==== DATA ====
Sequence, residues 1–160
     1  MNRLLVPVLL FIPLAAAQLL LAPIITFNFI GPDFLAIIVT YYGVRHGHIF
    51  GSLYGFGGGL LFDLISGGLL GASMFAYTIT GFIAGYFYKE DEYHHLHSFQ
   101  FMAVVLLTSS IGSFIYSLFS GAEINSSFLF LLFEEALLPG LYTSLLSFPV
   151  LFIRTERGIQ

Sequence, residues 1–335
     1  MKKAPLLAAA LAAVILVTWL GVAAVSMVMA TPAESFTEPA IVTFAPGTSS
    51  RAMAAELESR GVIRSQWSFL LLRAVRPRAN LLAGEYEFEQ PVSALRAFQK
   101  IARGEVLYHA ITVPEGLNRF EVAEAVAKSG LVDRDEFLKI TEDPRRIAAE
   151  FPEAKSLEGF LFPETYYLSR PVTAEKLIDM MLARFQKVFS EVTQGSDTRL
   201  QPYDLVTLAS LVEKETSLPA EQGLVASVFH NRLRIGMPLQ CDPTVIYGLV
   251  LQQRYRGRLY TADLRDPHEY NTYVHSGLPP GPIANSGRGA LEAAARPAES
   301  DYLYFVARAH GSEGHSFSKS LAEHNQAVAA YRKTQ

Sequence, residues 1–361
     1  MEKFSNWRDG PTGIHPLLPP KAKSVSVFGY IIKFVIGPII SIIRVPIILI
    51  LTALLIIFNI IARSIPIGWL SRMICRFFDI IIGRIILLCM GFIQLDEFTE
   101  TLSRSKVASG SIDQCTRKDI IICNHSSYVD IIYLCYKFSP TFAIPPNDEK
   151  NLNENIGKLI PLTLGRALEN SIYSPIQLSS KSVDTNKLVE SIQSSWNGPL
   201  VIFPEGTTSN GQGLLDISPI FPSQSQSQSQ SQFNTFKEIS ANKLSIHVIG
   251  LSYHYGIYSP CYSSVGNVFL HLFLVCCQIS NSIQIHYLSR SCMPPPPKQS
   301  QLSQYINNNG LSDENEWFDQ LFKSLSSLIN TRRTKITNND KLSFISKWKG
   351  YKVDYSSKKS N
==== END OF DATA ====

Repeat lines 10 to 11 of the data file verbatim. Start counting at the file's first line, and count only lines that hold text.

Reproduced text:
   151  FPEAKSLEGF LFPETYYLSR PVTAEKLIDM MLARFQKVFS EVTQGSDTRL
   201  QPYDLVTLAS LVEKETSLPA EQGLVASVFH NRLRIGMPLQ CDPTVIYGLV